2018: Marco Estrada, Sam Gaviglio, J.A. Happ, Aaron Sanchez, Marcus Stroman
How about this group? If this was two years prior the Jays would be sitting pretty, however, in 2018, this group was less than desirable. Injury-plagued seasons from Estrada, Sanchez, and Stroman led to an extremely disappointing year. The lowest ERA between the three of them was Sanchez’s mark of 4.89. The writing was on the wall for Estrada, as his back issues loomed larger than before. Aaron Sanchez’s blister and fingernail issues were prevalent and began derailing his career. Stroman just couldn’t find health or consistency, throwing only 102.1 innings in 2018.
The two most successful pitchers, Happ and Gaviglio, had two varying seasons. Happ was shipped to the Yankees at the trade deadline for a lacklustre package of Brandon Drury and Billy McKinney. Gaviglio, meanwhile, pounded the strike zone and stayed healthy, somehow making him a standout in this miserable season.
The rotation was subpar and disappointing. This was a trend that would continue the following year.
2019: Stroman, Trent Thornton, Sanchez, Jacob Waguespack, Clay Buchholz
Stroman had a much-needed rebound year. His 2.96 ERA over 124.2 innings led to an All-Star appearance before his trade to the New York Mets at the deadline. On the other end of the spectrum, Sanchez and Clay Buchholz had a plethora of injury problems and threw a combined 171.2 innings. Sanchez was also shipped at the deadline to the Houston Astros alongside relief pitcher Joe Biagini.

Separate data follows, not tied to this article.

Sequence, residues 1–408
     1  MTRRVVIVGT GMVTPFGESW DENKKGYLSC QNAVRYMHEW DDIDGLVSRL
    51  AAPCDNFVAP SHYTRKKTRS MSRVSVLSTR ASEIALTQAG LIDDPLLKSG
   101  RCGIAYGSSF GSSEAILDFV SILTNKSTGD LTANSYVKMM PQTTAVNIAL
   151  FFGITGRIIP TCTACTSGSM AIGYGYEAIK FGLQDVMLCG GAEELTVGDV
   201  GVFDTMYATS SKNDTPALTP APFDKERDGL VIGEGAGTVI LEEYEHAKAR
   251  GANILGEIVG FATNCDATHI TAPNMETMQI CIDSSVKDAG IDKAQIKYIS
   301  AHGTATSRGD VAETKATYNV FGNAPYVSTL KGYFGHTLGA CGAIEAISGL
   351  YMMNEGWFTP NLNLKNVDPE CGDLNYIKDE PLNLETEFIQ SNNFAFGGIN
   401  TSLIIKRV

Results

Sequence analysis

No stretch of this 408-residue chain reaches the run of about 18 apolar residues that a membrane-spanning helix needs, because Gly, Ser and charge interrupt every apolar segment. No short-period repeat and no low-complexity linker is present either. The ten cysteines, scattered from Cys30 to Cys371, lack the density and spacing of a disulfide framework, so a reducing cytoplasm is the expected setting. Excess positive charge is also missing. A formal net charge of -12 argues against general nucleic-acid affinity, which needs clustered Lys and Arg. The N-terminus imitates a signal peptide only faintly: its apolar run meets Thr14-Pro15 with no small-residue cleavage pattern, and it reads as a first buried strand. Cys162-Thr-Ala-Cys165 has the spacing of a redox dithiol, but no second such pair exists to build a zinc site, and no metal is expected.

The only real consistency came from Trent Thornton and Jacob Waguespack. Both managed to stay healthy and keep the Blue Jays in games. Despite this, neither would have real impacts in the following shortened season.
2020: Hyun Jin Ryu, Tanner Roark, Chase Anderson, Matt Shoemaker, Taijuan Walker
Newcomer Hyun Jin Ryu was the guy this year. In the prior offseason, they signed him to a 4 year, $80 million deal, and he was more than worth it in 2020. He pitched to a 3.01 FIP while accruing a 2.9 WAR, the 7th best in the MLB as per Baseball Reference. Taijuan Walker was another new addition, acquired at the trade deadline from the Seattle Mariners. Through 6 starts with the Blue Jays, he pitched to a 1.37 ERA. The pitchers under these two left a bit to be desired.
Matt Shoemaker was on the shelf for most of the season while Tanner Roark and Chase Anderson had a 6.80 and 7.22 ERA respectively. The lack of rotation depth proved to be the downfall for the Blue Jays in 2020. The competitive offence just could not keep up with the poor pitching. Improvements were needed.
2021: Ryu, Robbie Ray, Steven Matz, Alek Manoah, Jose Berrios
The Blue Jays entered 2021 with a solid rotation but didn’t anticipate a lot of the success which actually transpired. While Ryu was inconsistent, Robbie Ray won the AL Cy Young award after signing a one-year deal in the prior offseason. Alek Manoah broke out as a rookie and exceeded all expectations. Jose Berrios was acquired at the deadline and pitched like an ace down the stretch. Matz was acquired in the trade before the season began and had a solid comeback year, acting as a stabilizing force at the backend of the rotation.
The rotation came together and turned into one of the best in baseball. A few of them will be returning next season, as we take a peek of what to expect.
2022: Berrios, Kevin Gausman, Ryu, Manoah, Ross Stripling
What a solid four arms to bring into 2022. Jose Berrios is a workhorse, Ryu has been an ace and will be looking to bounce back, and Manoah is a beast at only 24 years of age. They also bring in Kevin Gausman, coming off an All-Star season that saw him lead the league in games started (33) and post a 2.81 ERA. This makes for one of the best rotations in baseball. We are in for a good year of pitching from the Blue Jays, and the rotation has truly come a long way through both player development and acquisitions.